According to his family, Tony Sirico, who played the beloved but murderous gangster Paulie Walnuts on HBO’s “The Sopranos” and was frequently cast in Woody Allen films, died at the age of 79. Sirico played a significant role in the HBO drama that premiered in 1999 and quickly became a critical and commercial success at the dawn of the era of high-end television.
Sirico had appeared in six Woody Allen films between 1994 and 2016, but he was unknown before his big role as a captain in Tony Soprano’s crime family, played by the late James Gandolfini. Steely criminal Paulie Walnuts demonstrated occasional benevolence but were always faithful to the boss. He was known for his silly comic relief with malapropisms.
An imposing figure on and off the screen. Steven Van Zandt, a co-star of The Sopranos, said that he was going to miss him a lot. Sirico had a brief role in Martin Scorsese’s iconic and critically acclaimed 1990 film “Goodfellas,” in which he played an Italian-American mobster. In the animated series “Family Guy,” Sirico voiced Vinny, a talking dog.
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Bullets Over Broadway in 1994, Mighty Aphrodite in 1995, Everyone Says I Love You in 1996, Deconstructing Harry in 1997, and Celebrity in 1998 are just a few of his Woody Allen credits. “It is with great sadness, but with incredible pride, love and a whole lot of fond memories, that the family of Gennaro Anthony ‘Tony’ Sirico wishes to inform you of his death on the morning of July 8, 2022,” his brother, Robert Sirico, a Roman Catholic priest, uploaded to Facebook.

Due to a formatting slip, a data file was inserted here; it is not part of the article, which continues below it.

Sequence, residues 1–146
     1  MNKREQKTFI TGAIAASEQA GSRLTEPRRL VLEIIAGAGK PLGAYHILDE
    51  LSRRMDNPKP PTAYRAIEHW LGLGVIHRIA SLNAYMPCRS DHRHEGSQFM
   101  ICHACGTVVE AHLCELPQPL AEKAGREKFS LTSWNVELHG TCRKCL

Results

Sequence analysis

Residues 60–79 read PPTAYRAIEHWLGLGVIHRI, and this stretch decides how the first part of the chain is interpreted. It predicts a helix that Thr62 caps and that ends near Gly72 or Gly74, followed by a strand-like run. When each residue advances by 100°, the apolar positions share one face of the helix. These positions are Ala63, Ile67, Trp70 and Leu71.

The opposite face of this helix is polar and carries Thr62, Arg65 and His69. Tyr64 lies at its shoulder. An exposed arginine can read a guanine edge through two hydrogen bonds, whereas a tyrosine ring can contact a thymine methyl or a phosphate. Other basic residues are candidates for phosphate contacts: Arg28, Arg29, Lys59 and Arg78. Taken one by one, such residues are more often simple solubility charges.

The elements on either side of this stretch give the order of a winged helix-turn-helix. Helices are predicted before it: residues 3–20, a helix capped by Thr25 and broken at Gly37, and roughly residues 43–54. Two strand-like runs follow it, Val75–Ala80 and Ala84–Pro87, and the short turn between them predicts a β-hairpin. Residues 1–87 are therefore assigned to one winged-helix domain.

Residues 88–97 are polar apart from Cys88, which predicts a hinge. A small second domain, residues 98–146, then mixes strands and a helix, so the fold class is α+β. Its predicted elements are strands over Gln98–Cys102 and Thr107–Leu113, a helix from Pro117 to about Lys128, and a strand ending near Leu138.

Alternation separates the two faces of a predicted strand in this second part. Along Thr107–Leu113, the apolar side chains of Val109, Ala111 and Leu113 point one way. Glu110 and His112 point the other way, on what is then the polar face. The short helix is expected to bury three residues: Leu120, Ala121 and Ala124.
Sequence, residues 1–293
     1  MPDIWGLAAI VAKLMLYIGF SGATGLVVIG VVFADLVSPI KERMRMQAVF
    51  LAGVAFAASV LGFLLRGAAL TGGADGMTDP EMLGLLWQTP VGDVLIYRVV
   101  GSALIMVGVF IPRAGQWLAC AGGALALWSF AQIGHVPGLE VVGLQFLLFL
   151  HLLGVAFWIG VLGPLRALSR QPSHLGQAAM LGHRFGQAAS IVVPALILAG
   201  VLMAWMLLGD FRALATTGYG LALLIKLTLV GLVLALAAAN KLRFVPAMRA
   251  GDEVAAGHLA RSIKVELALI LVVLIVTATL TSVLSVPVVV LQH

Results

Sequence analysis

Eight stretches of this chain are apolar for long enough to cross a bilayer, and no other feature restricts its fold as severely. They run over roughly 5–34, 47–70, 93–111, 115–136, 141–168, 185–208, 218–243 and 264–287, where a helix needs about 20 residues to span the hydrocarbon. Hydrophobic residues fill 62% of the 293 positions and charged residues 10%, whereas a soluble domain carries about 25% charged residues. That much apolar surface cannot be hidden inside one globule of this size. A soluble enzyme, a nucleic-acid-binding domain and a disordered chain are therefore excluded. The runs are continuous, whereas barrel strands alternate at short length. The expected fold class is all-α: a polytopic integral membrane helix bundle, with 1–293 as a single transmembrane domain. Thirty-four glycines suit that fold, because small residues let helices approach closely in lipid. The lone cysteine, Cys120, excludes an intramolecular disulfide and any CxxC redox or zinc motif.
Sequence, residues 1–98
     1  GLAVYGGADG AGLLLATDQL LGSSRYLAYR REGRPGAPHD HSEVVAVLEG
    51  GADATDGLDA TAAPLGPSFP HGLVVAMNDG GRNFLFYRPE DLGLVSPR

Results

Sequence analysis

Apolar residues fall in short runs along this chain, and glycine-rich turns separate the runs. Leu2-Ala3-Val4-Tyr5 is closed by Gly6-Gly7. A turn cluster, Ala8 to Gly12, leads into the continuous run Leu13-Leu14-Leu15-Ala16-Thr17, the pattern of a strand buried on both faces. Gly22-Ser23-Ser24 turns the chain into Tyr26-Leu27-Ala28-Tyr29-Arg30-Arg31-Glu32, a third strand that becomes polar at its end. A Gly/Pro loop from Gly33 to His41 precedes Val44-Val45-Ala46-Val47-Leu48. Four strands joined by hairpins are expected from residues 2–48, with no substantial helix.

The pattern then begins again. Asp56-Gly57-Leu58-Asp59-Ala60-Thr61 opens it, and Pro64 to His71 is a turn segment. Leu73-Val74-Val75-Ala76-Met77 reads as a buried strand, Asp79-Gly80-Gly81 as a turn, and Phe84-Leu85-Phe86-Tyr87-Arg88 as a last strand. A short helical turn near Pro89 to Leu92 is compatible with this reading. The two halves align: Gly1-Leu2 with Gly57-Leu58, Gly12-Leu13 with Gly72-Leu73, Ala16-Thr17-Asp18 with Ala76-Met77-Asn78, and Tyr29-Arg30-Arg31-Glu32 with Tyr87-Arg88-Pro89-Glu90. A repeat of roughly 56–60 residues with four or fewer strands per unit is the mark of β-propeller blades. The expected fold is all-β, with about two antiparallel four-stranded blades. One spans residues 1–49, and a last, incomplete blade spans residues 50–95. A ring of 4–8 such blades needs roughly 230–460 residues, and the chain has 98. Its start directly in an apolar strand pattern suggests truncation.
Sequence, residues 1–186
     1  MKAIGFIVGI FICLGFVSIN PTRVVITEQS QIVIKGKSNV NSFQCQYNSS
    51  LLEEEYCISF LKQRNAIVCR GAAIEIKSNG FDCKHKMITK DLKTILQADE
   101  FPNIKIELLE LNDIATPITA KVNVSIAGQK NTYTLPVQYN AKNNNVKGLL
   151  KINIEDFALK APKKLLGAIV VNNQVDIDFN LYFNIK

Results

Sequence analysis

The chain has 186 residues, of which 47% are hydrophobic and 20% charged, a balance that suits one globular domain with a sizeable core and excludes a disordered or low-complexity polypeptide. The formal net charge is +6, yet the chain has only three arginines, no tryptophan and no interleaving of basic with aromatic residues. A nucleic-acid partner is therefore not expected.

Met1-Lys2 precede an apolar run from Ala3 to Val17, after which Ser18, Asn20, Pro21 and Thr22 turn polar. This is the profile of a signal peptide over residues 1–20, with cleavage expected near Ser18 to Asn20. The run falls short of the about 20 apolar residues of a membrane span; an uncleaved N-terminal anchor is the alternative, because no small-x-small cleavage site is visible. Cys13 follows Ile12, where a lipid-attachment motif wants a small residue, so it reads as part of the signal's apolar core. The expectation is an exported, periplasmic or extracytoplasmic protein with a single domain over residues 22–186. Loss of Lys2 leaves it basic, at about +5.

His brother said that he left behind two children and an unknown number of grandchildren, siblings, nieces, nephews, and other relatives. When he died on July 8 at an assisted-living home in Fort Lauderdale, Fla., Mr. Sirico was 79 years old. Robert Sirico, a Catholic priest in Michigan, revealed his brother’s death in a statement. He was said to have dementia.
According to IMDB.com, Sirico was sentenced to 20 months in jail in the early 1970s for a gun charge. In 1974, he appeared in “Crazy Joe,” a film about Mafia boss Joey Gallo. However, it was in the David Chase-created HBO series that he made his name.
“When I first read David Chase’s script, I knew this was something special,” Sirico is quoted as saying on IMDB. “This is what I’d been looking for all my life. … I knew right away this was a role to kill for.” Stay tuned with us only on Lee Daily